Counting Macros

Fat: the Misunderstood Macro – Are You Eating Enough?

By Ted KallmyerUpdated May 22, 2023

If you were a part of the ’80s and ’90s low-fat diet culture, deliberately adding fat to your diet might be difficult.

Healthy fat not only supports optimal body functioning but also accelerates fat loss.

I hope for those still afraid of eating fat, this post will help you learn to embrace it as the healthy macronutrient that it is.

What are the best fat macros?

About 25-30% of your daily calories should come from the fat macro, which is exactly what the macro diet recommends.

However, because fat is more calorie-dense for its weight, the actual physical amount of fat is more like 14-15% of daily food.

Confused? Fat has 9 calories per gram, compared with protein and carbs (both have 4 calories per gram).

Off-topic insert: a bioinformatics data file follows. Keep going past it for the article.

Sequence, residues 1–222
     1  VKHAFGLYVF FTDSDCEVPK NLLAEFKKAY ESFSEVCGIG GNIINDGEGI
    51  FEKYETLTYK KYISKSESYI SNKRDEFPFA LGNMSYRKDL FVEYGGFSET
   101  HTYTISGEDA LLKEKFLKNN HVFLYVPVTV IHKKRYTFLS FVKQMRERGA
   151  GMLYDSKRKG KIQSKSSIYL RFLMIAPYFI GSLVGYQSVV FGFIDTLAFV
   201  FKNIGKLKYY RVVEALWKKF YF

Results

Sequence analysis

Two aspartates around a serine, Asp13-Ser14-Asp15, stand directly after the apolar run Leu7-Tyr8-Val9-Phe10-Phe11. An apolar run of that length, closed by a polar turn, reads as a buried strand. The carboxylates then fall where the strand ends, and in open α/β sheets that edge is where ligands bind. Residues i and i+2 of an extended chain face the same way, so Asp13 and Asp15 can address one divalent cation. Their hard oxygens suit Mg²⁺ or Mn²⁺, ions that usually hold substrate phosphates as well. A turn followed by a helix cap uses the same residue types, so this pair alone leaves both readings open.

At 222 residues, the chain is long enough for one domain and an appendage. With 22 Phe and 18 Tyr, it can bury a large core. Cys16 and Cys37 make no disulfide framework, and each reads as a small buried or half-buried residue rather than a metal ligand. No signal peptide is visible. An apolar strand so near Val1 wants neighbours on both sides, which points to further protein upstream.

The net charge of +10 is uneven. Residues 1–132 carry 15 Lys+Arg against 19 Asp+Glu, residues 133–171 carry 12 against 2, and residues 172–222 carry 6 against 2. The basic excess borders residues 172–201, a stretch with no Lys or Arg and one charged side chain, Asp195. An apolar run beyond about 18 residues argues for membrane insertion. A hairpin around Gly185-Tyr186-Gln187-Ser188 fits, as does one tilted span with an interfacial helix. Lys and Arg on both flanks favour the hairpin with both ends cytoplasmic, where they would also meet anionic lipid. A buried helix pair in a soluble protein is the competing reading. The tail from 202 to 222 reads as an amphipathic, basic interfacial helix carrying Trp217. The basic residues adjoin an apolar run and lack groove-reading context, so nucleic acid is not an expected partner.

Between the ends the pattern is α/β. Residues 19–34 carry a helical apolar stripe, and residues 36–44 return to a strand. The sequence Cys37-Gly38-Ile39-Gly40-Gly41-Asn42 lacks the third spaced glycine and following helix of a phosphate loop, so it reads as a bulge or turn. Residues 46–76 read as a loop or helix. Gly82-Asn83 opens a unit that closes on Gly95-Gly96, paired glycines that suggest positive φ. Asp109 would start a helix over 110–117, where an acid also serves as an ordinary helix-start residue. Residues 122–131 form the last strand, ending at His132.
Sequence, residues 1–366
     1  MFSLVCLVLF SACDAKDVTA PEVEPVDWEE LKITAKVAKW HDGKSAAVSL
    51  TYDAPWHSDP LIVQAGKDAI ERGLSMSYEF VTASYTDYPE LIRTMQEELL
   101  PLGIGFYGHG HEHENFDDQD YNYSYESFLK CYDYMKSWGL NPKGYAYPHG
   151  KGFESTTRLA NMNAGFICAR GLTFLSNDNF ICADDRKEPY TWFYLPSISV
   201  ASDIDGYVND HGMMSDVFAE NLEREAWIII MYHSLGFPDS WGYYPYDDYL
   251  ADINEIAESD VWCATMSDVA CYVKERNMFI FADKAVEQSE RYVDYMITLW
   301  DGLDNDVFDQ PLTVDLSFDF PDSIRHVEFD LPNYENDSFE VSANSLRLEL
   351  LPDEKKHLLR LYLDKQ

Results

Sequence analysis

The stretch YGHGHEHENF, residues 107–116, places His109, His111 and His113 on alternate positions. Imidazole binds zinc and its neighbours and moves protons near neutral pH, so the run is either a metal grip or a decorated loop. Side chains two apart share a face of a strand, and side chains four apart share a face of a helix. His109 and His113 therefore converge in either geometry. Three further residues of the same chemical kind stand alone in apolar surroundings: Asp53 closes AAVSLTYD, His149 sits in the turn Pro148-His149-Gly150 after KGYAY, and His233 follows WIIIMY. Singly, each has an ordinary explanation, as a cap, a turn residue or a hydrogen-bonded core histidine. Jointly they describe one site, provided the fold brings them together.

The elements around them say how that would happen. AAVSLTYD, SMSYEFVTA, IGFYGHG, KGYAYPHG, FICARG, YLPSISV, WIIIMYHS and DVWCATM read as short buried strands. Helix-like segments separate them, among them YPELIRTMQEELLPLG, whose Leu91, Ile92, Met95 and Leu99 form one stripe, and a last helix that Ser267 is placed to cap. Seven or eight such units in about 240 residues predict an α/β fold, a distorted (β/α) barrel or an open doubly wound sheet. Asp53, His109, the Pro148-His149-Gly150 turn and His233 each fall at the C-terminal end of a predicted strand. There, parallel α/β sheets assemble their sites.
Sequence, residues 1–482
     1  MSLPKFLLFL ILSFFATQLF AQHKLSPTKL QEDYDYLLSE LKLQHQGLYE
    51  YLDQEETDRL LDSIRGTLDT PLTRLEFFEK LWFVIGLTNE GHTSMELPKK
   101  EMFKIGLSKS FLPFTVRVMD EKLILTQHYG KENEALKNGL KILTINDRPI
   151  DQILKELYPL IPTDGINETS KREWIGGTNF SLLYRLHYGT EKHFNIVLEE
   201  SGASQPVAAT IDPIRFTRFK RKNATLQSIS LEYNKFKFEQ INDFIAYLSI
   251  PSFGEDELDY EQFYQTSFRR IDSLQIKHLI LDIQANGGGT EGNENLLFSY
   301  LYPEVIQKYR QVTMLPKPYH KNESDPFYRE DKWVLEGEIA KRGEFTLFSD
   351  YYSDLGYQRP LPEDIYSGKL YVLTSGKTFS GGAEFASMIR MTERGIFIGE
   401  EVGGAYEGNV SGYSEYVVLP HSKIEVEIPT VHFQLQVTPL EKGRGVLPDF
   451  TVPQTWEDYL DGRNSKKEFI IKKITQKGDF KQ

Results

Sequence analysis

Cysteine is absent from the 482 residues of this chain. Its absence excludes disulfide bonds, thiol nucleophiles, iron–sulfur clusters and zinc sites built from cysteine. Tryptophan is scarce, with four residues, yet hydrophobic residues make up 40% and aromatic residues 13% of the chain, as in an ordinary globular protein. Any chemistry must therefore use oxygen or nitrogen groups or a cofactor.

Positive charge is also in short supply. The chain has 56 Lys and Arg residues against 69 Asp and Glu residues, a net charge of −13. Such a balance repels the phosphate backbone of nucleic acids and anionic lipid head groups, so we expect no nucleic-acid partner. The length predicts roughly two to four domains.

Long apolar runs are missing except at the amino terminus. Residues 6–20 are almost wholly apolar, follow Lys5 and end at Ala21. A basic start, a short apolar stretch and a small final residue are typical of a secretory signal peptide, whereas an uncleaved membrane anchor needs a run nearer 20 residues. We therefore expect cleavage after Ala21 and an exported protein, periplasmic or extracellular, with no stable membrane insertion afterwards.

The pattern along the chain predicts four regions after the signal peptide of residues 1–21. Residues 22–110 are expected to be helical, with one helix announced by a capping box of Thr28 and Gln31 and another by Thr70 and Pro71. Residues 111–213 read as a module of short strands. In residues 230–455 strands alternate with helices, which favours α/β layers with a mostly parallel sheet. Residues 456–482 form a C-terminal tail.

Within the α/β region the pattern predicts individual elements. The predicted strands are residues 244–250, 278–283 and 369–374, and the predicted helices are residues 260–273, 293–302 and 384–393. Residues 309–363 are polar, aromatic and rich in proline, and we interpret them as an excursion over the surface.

For an average female who eats a 1500-calorie diet, this equates to 50 grams of fat per day or about 17 grams per meal.

Use the macro calculator to determine how many fat grams you should eat.

Suggested fat macros

Choose your daily calorie amount, and see how much fat you should eat.

Daily CaloriesFat Grams (25-30% of Daily Calories)
130036 – 43 g
140039 – 46 g
150042 – 50 g
160045 – 53 g
170048 – 56 g
180050 – 60 g
190053 – 63 g
200056 – 67 g
210058 – 70 g
220061 – 73 g
230064 – 77 g
240067 – 80 g
250069 – 83 g

Which type of fat is best?

Fat can be divided into three groups.

  • Monounsaturated Fat
    Found in plant-based fats such as olive oil and avocado.
  • Polyunsaturated Fat
    Found in plant-based fats like soybean oil and corn oil.
  • Saturated Fat